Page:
Will I be able to do it? It remains to be seen, there is one one way to find out - just do it. My recent marathon finish has indicated that I am capable of running for over six hours (with walking breaks). Can I do the marathon distance and beyond for 8 successive days? I am not sure, but I would like to prove to myself that at my age (55) I can do this. When I was 40 years old I walked alone for one week from Rome to Assisi averaging 30 km/day with a heavy backpack. I brought a tent and a sleeping bag and slept in the open at night. It was a very memorable journey. I believe I can run/walk about 50 km/day with a light back-pack this time.

I still have four months of training and preparation. This means running 3 times a week (2 medium runs between 1.5-2 hrs, 1 long runabout of 4-6 hrs). I will also be doing strength training (twice a week) and biking (twice a week). By March I will see if I will be ready, otherwise I will do it in October or November at the end of my sabbatical.

Friday, November 13, 2009

Back to School: the Last Semester before my Sabbatical

After finishing the marathon I came back to Davao this Tuesday, in time for the start of the second semester. I am teaching 3 courses this semester: Ministry & Orders, Pastoral Leadership and Management, and Theological Synthesis.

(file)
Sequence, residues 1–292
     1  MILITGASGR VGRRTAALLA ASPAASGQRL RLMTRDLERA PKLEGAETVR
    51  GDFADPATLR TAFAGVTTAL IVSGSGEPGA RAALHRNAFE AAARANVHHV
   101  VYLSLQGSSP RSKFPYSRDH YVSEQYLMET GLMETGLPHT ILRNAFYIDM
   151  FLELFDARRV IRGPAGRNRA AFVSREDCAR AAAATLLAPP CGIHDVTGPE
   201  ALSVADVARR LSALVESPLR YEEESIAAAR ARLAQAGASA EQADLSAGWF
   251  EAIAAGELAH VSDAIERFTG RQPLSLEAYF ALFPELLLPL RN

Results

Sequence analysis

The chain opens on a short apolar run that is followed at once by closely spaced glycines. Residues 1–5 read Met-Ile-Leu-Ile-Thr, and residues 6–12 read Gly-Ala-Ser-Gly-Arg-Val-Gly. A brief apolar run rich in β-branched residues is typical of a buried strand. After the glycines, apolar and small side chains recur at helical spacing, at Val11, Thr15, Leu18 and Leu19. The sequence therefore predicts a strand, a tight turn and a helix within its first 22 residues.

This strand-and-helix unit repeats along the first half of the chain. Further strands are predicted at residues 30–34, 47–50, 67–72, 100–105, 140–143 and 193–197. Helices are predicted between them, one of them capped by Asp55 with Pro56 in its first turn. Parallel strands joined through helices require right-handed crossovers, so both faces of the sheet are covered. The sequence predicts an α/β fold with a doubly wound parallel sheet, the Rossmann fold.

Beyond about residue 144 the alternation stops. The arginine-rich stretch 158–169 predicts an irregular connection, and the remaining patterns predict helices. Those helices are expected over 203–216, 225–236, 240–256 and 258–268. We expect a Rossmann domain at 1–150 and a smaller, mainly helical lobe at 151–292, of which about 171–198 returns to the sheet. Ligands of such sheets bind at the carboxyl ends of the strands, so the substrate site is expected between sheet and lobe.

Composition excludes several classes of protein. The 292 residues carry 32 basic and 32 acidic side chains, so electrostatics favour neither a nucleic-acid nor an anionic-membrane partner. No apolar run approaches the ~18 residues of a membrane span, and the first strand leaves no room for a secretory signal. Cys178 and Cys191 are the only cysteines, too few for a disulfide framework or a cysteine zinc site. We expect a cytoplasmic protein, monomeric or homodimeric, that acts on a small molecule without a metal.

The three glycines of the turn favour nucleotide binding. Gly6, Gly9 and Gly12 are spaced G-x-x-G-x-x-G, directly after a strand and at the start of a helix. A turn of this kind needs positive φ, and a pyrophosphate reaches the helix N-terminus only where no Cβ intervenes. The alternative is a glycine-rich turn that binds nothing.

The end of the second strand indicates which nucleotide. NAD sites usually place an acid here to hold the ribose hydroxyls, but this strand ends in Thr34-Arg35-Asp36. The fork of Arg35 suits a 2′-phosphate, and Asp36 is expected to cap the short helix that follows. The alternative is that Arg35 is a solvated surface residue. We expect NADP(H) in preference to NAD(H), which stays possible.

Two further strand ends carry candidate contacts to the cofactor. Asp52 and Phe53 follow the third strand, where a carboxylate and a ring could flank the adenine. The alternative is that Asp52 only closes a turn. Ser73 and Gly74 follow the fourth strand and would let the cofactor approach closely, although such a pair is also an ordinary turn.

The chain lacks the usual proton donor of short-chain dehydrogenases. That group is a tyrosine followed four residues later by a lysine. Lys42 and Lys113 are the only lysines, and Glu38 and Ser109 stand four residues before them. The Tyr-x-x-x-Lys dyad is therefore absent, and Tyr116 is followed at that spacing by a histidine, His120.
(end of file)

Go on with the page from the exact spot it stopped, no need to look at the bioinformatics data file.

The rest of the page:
There are fourteen students attending the course on Ministry and Orders and seventeen for the Pastoral Leadership and Management course. My students are from the Philippines, Thailand, Africa, Indonesia and Sri Lanka.

After this semester at the end of March, I will be starting my sabbatical (part II). I did a sabbatical in 2005 but I could only do it for the summer break and one semester, rather than the whole year because no one could teach my courses in the second semester. I spent two months in Israel and five months in my hermitage in Busay. So this time I asked if I could do part II. I will be in Italy from midMay and mid July and in my hermitage in Busay from mid July to end of October.

I have a very light load this semester - 2 major courses. So I can have more time to give talks and seminars and to do a lot of running and biking.

Sunday, November 08, 2009

Finishing the Philippine International Marathon (run for Pasig River)

At 4:30 this morning, I finally stood at the starting line of the Philippine International Marathon at the Luneta Park. There were hundreds of runners around me, including the Kenyans who came to win. My only aim was to finish the marathon, no matter how long it would take. I almost did not make it to the starting line. A day after getting my race packet, I had a sore throat which developed into a cold. So for four days, I tried recover from the cold and bring my fever down. Yesterday, I felt better although I still had a runny nose.